Jeremy Tepper, American Musician and SiriusXM ‘Outlaw Country’ Chief, Dies of Heart Attack

Jeremy Tepper Death: Influential American Jeremy Evan Tepper, a musician, journalist, and record executive, has died at 60 from a heart attack. His wife, Laura Cantrell, confirmed this on social media.

Who Was Jeremy Tepper?

Jeremy Evan Tepper was a key figure in the music industry. He led the band World Famous Blue Jays and co-founded Diesel Only Records in 1990. His partners were Jay Sherman-Godfrey and Albert Caiati. Notably, he was a major force in the alt-country scene. Tepper managed to become a top figure at Diesel Only. His career also saw him as the managing editor of Vending Times. He later became the publisher and editor of Street Beat, a trade journal. Additionally, he worked as a country music critic for Pulse! magazine. In 2004, he joined Sirius Satellite Radio. There, he managed the Outlaw Country channel. Tepper’s influence was felt over his two-decade tenure.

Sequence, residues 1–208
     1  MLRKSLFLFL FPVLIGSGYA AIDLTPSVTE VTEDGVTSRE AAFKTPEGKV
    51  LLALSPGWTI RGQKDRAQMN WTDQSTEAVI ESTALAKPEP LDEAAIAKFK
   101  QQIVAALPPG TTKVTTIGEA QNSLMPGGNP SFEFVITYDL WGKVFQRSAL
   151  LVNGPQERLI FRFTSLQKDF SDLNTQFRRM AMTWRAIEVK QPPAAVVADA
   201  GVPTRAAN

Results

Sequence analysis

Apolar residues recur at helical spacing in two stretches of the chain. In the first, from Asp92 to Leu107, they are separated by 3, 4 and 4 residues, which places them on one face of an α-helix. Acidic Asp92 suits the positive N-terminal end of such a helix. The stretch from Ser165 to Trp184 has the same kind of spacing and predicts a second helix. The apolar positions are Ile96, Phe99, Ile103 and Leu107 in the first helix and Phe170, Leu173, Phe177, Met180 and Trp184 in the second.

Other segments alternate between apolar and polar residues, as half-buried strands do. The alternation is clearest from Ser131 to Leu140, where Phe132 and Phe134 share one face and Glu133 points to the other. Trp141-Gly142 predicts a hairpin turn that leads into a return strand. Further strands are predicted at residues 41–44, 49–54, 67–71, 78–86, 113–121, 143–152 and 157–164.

Jeremy Tepper’s Education and Career

Jeremy Tepper graduated from New York University. His father, Noel Tepper, was a lawyer in Poughkeepsie, New York, and his mother, Elly Tepper, was a third-grade teacher at Keolu Elementary School in Kailua, Honolulu County, Hawaii. In 1997, he married Laura Cantrell, and together they had a daughter named Bella. Tepper’s career was marked by his passion for music and journalism. Peter Blackstock, co-founder of No Depression magazine, once described Tepper as “a unique and indispensable cog in the alt-country underground,” recognizing his more than three decades of contributions to the genre.

Tributes and Legacy

Jeremy Tepper’s death deeply saddened the music community. Steven Van Zandt, E Street Band guitarist and “Underground Garage” founder, mourned his loss. He highlighted Tepper’s brilliance in managing the “Outlaw Country” station on SiriusXM. Van Zandt also extended condolences to Tepper’s loved ones on social media.

Tepper’s main impact was on the “Outlaw Country” channel, which he turned into a hub for diverse country voices. He also worked on the “Willie’s Roadhouse” and “Road Dog Trucking” channels at SiriusXM.

In 1996, Diesel Only Records, Tepper’s label, gained fame with “Big Rig Deluxe.” This album featured Marty Stuart, Buck Owens, and Steve Earle. Initially focused on “trucker music,” the label later released albums for artists like Laura Cantrell, Dale Watson, and Ween.

Jeremy Tepper’s legacy includes shaping the alt-country scene, innovative music journalism, and championing diverse talents. His death is a big loss, but his impact will be felt for years.

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